Timothy B. Schmit
Richie Furay

December 3, 2017
Saban Theatre
Los Angeles, CA

Review by Shawn Perry
Photos by L. Paul Mann

Not one to sit idle between Eagles tours, bassist and vocalist Timothy B. Schmit pulled a 13-date 2017 Fall run together to promote his sixth solo album from 2016, Leap Of Faith, and play songs from it as well as others from previous solo records, along with some key Eagles and Poco numbers. For his appearance at the Saban Theatre in Los Angeles, Schmit invited his former band mate from Poco, Richie Furay, also a Rock and Roll Hall of Famer as a founding member of Buffalo Springfield, to open the show.

For the lucky few hundred who made it to the famed art deco venue in the heart of Beverly Hills, you couldn't ask for a better night of classic music. At precisely 8:00, Furay, his daughter Jesse, and guitarist Scott Sellen took their places at the front of the stage to perform a rousing 11-song set filled with Poco, Buffalo Springfield and solo pieces.

Making his mark with Buffalo Springfield over 50 years ago, Furay at 73 still lifts the music with his distinct and passionate high tenor, perfectly attuned to the climate and mood of his country rock roots. He opened with two Poco favorites —"Let's Dance Tonight" and "Pickin' Up the Pieces” — to get the crowd revved up before moving on to one of his best known Buffalo Springfield songs, "Kind Woman."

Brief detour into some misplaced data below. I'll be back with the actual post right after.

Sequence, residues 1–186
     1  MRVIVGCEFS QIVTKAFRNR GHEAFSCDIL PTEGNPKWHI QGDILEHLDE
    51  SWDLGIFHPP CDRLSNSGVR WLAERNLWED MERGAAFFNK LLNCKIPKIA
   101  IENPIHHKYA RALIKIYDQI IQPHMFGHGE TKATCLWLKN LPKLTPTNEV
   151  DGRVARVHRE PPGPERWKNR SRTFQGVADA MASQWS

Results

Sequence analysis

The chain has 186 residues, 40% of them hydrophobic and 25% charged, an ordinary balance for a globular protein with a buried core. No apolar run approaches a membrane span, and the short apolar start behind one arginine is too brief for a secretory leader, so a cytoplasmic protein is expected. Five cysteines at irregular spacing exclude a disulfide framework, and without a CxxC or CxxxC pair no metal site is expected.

Instilling the holiday spirit into the proceedings, Furay offered up a delightful cover of The Band's "Christmas Must Be Tonight." Before launching into "We Were The Dreamers," from his 2015 album Hand In Hand, Furay explained that the song was about Poco, the band he and Schmit were members of. Regarding Schmit, the singer added, "He's in a big group now."